Even though President Trump and Biden have had their differences during the election, Biden has stated that he only wants to ‘modify’ Opportunity Zones, not eliminate the program.
His reason for modifying the program goes back to his desire to see the program help affordable housing and local commercial buildings instead of luxury apartments.
Joe Biden is on record stating that his goal is to limit Opportunity Zones to investors who don’t make more than $400,000 per year. This move would potentially bring in more than $775 billion for child and senior care payments over 10 years.
Reid Thomas of NES Financial, which administers Opportunity Zone funds, said one of the larger concerns for Opportunity Zones investors is the possibility of Biden raising capital gains taxes. By increasing capital gains taxes, it could negate some of the benefits the program provides.
“Whenever there is uncertainty it causes people to slow down,” Thomas said. “What Biden is saying about capital gains taxes, in general, is causing people to be nervous.”
SALT Tax Deduction Could Return
Another change that we could see under the Biden Administration is a return of State and Local Tax (SALT) deduction.
These tax breaks were huge for investors in California and New York under the Obama Administration, but under President Trump, he capped on SALT tax deduction which barred investors from deducting over $10,000 in local and state taxes.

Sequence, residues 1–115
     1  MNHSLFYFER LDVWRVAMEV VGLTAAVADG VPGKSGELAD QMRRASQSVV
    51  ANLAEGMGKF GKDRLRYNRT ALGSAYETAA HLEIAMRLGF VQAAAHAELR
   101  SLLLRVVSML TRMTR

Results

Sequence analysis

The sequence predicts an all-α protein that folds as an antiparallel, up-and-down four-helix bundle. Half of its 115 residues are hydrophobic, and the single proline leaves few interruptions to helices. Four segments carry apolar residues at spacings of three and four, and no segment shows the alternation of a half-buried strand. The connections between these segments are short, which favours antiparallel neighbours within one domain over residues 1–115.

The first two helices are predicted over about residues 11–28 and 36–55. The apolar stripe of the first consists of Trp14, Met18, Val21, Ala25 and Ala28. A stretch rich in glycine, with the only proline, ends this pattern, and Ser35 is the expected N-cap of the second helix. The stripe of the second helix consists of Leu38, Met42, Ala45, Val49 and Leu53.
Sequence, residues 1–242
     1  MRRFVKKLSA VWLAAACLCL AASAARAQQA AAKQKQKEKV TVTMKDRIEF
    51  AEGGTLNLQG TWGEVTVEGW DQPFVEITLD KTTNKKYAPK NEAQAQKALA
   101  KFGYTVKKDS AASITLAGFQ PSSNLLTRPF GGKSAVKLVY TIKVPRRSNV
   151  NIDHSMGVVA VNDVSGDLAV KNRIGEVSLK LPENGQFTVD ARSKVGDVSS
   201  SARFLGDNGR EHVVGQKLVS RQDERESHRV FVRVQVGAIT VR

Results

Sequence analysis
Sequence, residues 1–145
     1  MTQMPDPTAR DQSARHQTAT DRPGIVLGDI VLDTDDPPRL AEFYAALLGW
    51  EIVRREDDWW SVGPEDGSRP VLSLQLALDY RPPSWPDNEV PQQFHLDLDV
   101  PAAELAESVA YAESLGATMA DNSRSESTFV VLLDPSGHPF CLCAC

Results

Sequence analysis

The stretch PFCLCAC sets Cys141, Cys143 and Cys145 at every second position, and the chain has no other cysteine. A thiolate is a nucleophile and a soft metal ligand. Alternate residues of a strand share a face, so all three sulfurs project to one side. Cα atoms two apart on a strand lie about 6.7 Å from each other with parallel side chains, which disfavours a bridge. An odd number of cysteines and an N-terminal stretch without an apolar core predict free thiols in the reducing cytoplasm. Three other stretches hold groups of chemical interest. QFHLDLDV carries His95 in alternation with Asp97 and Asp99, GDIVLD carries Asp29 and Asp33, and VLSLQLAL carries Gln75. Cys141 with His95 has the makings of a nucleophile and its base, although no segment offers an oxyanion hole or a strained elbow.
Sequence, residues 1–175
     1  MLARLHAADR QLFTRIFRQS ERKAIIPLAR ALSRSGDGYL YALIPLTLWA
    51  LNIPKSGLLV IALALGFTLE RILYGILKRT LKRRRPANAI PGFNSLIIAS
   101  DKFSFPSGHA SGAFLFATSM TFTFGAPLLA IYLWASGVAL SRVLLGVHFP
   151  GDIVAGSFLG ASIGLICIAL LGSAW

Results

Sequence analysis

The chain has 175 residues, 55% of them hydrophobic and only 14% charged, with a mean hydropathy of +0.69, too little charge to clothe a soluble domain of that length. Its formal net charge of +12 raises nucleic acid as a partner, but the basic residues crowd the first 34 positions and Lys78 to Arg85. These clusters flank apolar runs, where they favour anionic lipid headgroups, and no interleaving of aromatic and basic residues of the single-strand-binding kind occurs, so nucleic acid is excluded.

With the Biden Administration, there may be more favorable to see SALT tax deduction return, especially if the Democrats retake the Senate, so it’s understandable why that January runoff is so important because it could have a lot of implications that affect our country for years to come.
Biden proposes taxing capital gains as ordinary income for taxpayers with over $1 million in income, nearly doubling the current rate from 20% to 39.6% (not including net investment income tax). Biden has made this a frequent talking point, but it would likely encounter some of its fiercest opposition from Republicans and even Democratic moderates.